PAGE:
A famous slogan, coined by Louis-Napoleon Bonaparte in Bordeaux, affirmed that “the Empire is synonymous with peace” [l’Empire, c’est la paix”]. However, the ‘works of peace’ involved supporting the economy by the dismantling of ‘restrictive regulations’ and other prohibitions, which were prerequisites for ensuring the well-being of ‘those who work’ (letter from the Emperor to the Minister of State – 5 January 1860).
So, was the “Liberal Empire” the product of free trade or the consequence of an increased politicisation of society? Mirroring the British model, the Emperor expressed an ideal where “the development of all interests” and the “manifestation of all opinions” would be combined. The first months of 1870 reveal a complexity that is rich in contemporary challenges, namely: the “progress of consumption”, “prosperous industry”, and the rise of capital, called for by Napoleon III. Were these inseparable from the establishment of an imperial liberal democracy? Or was the authoritarian framework a necessary and a sufficient condition for the reforms carried out under the Empire?
Juliette Glikman (November 2021)
► Juliette Glickman has a PhD in history and is associate researcher at the Sorbonne. She is the author of numerous books and articles, including “L’Adieu aux larmes. Le souvenir du 5 mai entre sédition et commémoration, de la monarchie de Juillet au second Empire” in “Le plus puissant souffle de vie… “. La mort de Napoléon (1821-2021) (Perrin, 2021), La belle histoire des Tuileries (Flammarion, 2016), La monarchie impériale, l’imaginaire politique sous Napoléon III (Paris, Nouveau Monde Editions, 2013).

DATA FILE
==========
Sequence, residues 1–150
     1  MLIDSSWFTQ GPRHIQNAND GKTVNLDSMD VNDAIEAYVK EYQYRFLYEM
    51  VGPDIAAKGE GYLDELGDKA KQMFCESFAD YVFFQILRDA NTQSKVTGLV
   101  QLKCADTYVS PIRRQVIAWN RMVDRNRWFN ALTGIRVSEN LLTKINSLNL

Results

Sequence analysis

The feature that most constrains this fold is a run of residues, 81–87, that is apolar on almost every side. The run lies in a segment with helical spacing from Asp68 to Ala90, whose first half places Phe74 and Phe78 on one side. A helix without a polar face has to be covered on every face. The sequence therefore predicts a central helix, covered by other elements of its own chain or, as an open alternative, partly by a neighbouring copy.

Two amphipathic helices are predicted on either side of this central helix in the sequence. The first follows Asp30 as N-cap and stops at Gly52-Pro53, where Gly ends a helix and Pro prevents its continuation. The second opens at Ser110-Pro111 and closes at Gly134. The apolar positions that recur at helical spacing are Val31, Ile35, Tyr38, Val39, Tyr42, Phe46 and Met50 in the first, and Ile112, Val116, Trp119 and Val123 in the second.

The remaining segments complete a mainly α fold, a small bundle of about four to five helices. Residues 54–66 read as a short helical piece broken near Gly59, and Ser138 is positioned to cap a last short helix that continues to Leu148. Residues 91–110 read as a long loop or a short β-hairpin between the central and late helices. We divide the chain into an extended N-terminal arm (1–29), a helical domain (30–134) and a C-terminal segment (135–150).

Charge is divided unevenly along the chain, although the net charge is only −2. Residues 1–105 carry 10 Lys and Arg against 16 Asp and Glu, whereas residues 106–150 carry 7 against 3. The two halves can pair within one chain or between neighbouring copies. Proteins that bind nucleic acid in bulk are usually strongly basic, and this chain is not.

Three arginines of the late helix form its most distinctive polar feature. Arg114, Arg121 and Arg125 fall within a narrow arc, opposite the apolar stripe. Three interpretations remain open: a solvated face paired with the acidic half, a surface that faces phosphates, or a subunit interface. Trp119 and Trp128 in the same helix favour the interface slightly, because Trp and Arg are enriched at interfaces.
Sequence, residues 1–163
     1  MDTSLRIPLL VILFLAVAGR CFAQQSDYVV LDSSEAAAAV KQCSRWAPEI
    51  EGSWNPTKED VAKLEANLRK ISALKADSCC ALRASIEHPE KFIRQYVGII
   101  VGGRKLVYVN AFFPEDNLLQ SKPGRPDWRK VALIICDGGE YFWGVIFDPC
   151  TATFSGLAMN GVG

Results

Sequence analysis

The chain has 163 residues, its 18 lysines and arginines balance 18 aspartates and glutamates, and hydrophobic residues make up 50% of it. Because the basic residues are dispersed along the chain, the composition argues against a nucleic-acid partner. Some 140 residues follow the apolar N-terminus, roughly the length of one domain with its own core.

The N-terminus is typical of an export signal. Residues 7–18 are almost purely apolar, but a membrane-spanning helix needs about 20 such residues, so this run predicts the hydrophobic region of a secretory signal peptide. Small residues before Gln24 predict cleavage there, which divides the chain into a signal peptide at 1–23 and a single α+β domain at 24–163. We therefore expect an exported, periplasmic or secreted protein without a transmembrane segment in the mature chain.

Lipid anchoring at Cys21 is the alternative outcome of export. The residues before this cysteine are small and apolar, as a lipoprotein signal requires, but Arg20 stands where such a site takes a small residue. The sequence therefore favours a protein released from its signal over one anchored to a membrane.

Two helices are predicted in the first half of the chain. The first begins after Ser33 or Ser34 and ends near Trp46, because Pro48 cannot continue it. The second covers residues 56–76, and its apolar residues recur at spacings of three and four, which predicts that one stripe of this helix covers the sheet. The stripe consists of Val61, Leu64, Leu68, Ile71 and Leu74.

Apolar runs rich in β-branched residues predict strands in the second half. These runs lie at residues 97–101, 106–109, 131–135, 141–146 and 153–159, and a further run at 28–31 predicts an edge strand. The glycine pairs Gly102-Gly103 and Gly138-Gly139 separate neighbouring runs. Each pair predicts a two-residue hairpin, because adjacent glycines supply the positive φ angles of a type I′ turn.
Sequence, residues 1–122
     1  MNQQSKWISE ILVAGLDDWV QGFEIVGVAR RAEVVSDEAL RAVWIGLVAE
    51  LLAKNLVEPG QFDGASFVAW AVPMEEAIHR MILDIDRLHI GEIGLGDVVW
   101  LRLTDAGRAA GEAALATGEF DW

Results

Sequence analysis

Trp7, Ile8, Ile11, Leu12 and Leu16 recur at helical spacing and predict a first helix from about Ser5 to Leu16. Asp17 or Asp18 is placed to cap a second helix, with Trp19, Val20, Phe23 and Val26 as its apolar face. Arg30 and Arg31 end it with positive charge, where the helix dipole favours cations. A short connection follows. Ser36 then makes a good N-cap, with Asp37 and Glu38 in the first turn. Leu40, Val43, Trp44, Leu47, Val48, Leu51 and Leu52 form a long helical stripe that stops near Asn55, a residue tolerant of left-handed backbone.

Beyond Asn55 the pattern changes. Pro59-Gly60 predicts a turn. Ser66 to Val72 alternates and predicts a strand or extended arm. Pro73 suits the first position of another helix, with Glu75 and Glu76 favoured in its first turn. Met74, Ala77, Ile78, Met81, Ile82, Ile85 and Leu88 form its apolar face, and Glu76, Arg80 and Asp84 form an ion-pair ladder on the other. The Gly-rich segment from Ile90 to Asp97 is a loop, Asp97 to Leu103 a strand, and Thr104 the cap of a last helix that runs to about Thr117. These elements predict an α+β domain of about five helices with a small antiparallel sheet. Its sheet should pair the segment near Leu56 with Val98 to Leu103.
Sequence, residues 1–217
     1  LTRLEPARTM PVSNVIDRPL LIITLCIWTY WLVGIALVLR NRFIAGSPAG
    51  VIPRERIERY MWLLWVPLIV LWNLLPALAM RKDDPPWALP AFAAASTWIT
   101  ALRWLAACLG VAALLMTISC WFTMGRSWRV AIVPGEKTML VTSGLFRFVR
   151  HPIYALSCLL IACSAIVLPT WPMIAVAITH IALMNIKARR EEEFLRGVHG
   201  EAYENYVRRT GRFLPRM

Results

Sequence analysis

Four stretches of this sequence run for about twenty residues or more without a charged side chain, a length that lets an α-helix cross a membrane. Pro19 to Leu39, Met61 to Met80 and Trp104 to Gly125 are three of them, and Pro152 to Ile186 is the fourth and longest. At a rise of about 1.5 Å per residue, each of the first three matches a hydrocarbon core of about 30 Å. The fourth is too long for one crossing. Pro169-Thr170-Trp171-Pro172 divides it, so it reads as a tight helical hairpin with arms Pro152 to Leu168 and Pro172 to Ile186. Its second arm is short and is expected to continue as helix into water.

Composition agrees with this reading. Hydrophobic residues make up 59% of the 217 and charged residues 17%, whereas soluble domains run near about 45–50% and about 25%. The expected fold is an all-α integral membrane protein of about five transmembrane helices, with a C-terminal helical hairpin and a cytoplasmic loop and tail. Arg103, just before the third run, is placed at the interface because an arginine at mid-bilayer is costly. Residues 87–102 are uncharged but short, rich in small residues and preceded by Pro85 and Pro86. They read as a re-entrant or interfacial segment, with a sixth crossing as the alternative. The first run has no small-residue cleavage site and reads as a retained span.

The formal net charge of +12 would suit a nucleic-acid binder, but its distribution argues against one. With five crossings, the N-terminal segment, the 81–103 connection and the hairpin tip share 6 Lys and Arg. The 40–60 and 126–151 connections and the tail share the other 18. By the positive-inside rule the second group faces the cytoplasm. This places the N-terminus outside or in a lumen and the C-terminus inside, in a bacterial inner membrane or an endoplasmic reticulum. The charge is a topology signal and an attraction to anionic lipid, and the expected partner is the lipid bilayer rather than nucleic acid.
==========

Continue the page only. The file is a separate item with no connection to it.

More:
In 2011, she gave an interview to napoleon.org for the publication, by Aubier, of her first book, Louis-Napoléon prisonnier. Du fort de Ham aux ors des Tuileries (which won an award from the “Académie des Sciences Morales et Politiques” and also the Historia prize for historical biography).
► Juliette Glikman is the author of most of the courses in our section Teachers (in French) > High school > Second Empire (2019)